The internet of things was a key trend at the Consumer Electronics Show in Las Vegas this year. Devices from slow cookers to normal household objects featured internet connectivity, all with the desire to have smart objects collect analytics about household usage, and them optimise their use.

While the trend has certainly gotten off the ground during the past few years, it’s now set to receive a massive boost – Google has announced it will buy Nest, which makes smart devices including a thermostat, for $US3.2 billion.

Nest, which was founded by the original designer of the iPod, Tony Fadell, has made waves for its smart thermostat which detects user activity in the home in which it is installed, and then adjusts the temperature accordingly in order to save money. The company’s second product, a smoke and carbon monoxide detector, is designed to interact with the thermostat. The company has said it will eventually add new products to this ecosystem so the devices all work together.

With such a huge investment behind the trend, the internet of things is clearly entering a new phase of growth. The devices consumers buy including smartphones, but also everyday household items, will increasingly be designed to work together.

But the change won’t just affect products. Consumers will grow to expect a seamless experience between hardware and data – between experience and feedback. With smart devices eventually being capable of detecting movement and optimising the home to save electricity and other resources, consumers will naturally grow to expect that service in all areas of commerce.

As digital enterprise continues to grow, it won’t just be enough to offer a product, or even analytics. With the internet of things continuing to expand, consumers will expect digital businesses – of all sizes – to provide them information that will help their experiences – without even trying. Whether that be a website or anything else.

Those businesses putting in the hard effort now will be able to get ahead – and win consumers over to their side.

Group buying grows up

The group buying industry has certainly experienced some dramatic highs and lows. After a boom in 2010, the industry has gone through a significant amount of problems, with many businesses not performing as well as expected. However, industry performance has stabilised as the industry continues to offer deals customers actually want.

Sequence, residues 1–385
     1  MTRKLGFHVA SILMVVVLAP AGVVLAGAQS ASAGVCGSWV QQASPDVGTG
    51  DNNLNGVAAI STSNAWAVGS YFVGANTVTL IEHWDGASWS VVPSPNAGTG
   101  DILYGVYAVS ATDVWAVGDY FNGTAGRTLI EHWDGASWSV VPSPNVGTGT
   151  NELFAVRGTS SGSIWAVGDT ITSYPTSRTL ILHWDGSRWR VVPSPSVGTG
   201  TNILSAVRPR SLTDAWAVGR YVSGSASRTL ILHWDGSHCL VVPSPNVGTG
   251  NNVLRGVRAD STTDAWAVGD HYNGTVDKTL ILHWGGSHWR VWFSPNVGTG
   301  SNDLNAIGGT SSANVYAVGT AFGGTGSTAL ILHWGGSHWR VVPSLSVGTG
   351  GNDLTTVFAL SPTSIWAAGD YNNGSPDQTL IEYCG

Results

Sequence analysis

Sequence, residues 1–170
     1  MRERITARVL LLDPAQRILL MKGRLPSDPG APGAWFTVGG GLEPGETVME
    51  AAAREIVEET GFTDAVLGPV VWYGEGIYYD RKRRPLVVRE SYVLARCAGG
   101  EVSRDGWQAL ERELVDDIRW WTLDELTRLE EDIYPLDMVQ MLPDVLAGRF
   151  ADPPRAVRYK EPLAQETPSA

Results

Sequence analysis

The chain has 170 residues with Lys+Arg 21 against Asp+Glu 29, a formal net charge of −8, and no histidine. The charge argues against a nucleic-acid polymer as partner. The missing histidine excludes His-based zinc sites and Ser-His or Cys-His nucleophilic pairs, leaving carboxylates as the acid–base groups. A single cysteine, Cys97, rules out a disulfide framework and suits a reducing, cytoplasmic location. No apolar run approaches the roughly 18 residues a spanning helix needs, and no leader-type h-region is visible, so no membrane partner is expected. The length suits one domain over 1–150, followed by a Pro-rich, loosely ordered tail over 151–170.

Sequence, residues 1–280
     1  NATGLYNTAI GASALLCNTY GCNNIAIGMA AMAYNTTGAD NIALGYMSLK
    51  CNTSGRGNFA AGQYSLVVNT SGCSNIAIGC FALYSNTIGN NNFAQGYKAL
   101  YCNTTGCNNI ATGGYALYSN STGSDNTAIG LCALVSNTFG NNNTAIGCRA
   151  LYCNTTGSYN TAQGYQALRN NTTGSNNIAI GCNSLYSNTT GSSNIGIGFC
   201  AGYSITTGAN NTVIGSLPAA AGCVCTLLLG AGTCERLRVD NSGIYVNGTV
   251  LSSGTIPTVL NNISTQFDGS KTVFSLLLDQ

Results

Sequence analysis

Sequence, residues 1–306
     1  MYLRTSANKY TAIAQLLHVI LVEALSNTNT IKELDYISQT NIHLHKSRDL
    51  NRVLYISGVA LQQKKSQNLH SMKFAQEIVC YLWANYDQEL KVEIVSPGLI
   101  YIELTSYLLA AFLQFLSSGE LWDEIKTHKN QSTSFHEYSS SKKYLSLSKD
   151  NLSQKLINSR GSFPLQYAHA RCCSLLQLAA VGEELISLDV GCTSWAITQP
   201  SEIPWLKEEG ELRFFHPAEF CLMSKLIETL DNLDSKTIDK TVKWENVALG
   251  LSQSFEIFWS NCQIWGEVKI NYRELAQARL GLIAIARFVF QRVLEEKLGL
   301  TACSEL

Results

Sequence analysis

This is partly due to the way these businesses are changing how they offer products. Groupon has just announced its plan to acquire Ideeli, a flash fashion retailer, for $US43 million. The decision comes after several other acquisitions on behalf of Groupon, as part of a problem to move into new areas and categories. With apparel being one of the most popular ecommerce categories on the internet, acquiring a flash fashion site certainly makes sense on the face of it.

However, the move also shows just how much the group buying market has changed. Larger businesses in the sector once worked on a model of simply offering discounts and coupons, but quickly found this wasn’t sustainable. Instead, businesses such as LivingSocial and Groupon have had to transform by bolting on aspects of traditional retail.

Now, these businesses appear to be leaning towards the appearance of a department store rather than a market for discounts.

The shift says as much about consumers as it does the individual businesses. While there is a clear desire for group buying and a marketplace for discounts, customers want more than just the ability to save some money. They want a one-stop shopping experience – something all digital enterprises need to keep in mind.